What a gut-wrenching way to start a football season. SU outplayed Northwestern in most phases of the game, but made four or five mind-bogglingly awful plays which gave the Wildcats gift after gift. NU scored two of their touchdowns without the Orange defense on the field, and two more were on drives of less than 30 yards. Let’s catalog, shall we, for posterity:
- Starting with the worst of the worst: the fumble by Jerome Smith on a dropped lateral pass on which he completely gave up, that was then returned for a TD by the NU defense. There is no excuse for that play. None.
- Giving up a punt return for a TD.
- Giving up a long punt return on the very next punt that gave NU a short field.
- Missing a makeable field goal. I realize 44 yards is not automatic, but in the Dome from the right hash that one ought to be hit.
- The personal foul penalty on the final drive, turning what would have been 4th-and-7 into 1st-and-goal. Look, I know that it was a bogus call, and in fact Lyn made contact with the QB while he was still inbounds. But he (the QB) was half a step from the sideline and heading in that direction, and he’s a quarterback so he’s going to be “protected” by the refs, even as a rusher. It’s stupid, but it’s the way they call the games now.
And that doesn’t even include the INT that Marcus Sales tipped into the air, because that was more of a fluke unfortunate play. The pass was underthrown and he was trying to pull it in. Sometimes you get those bad bounces. SU had a gift of their own on NU’s botched punt snap early in the game. Of course, the Orange only managed a field goal off of that short field. This is how you outgain your opponent by over 250 yards and still lose.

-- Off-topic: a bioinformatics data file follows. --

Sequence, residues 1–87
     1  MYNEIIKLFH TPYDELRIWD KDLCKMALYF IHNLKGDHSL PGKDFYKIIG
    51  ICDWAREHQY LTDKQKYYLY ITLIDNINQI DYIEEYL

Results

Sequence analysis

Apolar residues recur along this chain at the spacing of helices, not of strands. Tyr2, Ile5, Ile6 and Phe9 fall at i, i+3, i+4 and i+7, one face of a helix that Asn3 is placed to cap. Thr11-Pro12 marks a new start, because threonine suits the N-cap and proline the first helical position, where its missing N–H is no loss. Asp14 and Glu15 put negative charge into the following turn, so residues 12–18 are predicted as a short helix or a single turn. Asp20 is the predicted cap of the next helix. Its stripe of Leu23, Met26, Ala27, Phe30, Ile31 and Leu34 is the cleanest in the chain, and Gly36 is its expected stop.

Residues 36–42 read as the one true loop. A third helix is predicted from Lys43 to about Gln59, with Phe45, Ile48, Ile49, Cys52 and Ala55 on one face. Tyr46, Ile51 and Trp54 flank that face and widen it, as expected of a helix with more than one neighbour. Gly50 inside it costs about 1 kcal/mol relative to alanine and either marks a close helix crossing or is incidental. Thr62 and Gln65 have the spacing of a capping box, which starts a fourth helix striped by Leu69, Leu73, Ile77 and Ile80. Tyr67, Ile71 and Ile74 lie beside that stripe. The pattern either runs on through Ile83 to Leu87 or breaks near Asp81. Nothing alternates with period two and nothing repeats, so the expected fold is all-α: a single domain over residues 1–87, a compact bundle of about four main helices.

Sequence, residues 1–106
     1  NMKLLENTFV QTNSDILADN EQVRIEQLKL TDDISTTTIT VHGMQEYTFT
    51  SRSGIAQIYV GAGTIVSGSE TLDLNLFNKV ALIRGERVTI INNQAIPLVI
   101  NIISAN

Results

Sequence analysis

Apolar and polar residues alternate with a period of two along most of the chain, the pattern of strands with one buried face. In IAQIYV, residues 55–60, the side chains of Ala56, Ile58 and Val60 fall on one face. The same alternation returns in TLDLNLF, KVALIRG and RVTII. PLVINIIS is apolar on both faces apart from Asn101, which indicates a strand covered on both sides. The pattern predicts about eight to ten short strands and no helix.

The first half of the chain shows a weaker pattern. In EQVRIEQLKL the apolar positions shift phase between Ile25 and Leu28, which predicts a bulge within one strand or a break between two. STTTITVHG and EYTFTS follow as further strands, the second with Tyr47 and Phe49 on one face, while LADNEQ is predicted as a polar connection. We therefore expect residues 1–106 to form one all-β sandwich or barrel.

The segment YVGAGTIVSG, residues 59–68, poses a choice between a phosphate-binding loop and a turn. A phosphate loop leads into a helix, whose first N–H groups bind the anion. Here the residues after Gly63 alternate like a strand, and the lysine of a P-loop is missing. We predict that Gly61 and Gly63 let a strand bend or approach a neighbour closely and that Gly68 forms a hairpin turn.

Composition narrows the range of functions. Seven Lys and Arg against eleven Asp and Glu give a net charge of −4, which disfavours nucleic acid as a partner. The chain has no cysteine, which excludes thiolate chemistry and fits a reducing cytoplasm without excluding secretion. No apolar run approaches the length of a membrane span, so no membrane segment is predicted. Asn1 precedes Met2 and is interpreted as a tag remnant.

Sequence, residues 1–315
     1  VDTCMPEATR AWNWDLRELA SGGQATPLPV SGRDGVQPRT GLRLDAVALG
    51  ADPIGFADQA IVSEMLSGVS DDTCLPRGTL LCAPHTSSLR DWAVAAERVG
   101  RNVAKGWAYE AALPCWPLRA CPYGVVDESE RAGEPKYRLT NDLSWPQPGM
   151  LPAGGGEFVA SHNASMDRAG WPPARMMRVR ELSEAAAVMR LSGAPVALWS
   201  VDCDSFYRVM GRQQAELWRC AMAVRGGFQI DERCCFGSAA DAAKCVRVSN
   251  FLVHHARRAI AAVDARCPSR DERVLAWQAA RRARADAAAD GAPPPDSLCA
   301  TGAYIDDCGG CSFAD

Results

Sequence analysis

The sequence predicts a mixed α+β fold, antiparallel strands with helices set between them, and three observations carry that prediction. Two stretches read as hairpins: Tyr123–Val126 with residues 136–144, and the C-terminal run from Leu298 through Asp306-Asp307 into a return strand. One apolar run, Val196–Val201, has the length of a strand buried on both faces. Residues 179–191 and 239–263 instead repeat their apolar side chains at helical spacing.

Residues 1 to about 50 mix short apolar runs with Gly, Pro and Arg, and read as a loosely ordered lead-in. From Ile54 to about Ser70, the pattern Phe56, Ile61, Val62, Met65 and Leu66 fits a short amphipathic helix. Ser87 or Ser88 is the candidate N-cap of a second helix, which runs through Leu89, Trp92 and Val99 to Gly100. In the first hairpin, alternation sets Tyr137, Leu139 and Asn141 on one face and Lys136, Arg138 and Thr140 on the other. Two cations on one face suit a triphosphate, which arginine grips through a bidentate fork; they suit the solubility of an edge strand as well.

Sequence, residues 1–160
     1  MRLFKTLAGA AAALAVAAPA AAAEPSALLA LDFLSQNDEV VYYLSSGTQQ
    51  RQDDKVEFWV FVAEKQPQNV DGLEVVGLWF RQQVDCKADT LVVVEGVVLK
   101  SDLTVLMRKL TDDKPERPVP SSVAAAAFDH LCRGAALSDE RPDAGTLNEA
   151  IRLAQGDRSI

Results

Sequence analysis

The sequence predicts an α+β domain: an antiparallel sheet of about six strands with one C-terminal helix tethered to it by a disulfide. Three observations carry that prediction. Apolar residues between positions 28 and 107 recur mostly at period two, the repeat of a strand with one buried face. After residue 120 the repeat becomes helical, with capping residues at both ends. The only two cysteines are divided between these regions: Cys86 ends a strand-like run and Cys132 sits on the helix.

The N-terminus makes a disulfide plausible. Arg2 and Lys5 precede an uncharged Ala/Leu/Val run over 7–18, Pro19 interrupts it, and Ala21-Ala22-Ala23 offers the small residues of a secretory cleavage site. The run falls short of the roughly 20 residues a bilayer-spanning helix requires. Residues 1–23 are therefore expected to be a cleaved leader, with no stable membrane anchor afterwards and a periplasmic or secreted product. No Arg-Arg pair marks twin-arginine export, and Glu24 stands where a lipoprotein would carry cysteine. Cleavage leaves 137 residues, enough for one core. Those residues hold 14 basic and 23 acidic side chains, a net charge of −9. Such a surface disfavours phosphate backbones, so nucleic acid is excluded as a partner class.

If you can bear to duck your head below the bitter water of this loss, there were some encouraging signs. The offense was 12-20 on 3rd down conversions, which was a huge problem last season. Similarly, the defense held NU to only 5-14 on their third downs (and 0-1 on fourth downs, not counting the botched punt). The offense finally looked like the New Orleans Saints attack we’ve been waiting for ever since Marrone was hired. 9 different receivers caught passes. They threw a number of deep balls. (A word of warning though: a number of the deep routes were underthrown. In this game, those tended to result in interference calls, as the receiver tried to adjust to the ball and the defender just ran him over. In the future, against better corners, those will be jump balls and possibly interceptions.) The defense did a good job containing NU’s running quarterback, another persistent problem last season. Jonathan Fisher showed off a heck of a punting leg, though he’s going to need a little more hang time, or more aim towards the sidelines, to prevent more returns like the ones we saw Saturday.
SU’s running game was so-so. They broke a few big ones but don’t seem to have the muscle for a sustained ground attack. (Missing Justin Pugh is undoubtedly a factor in that.) I like the Wildcat-esque QB keepers, but I thought they went to that well a bit too often. I love it as a change-of-pace, but it can’t be your most frequently called run play. The pass defense was similarly mediocre. They didn’t give up any long bombs, but NU’s quarterbacks were able to complete nearly 70% of their passes, and the receivers seemed to be getting a lot of additional yards after their catches.
The positive side of what SU showed on Saturday is that they have enough firepower to stay in games against just about anyone. The negative side is that they showed they are capable of blowing it multiple times in the same game. It’s too early to say what will come of this season. They could get it all together and win a bunch of games. Or they could mentally fart all over the field and lose a bunch of games. Either way, missing this one is going to sting for the rest of the fall.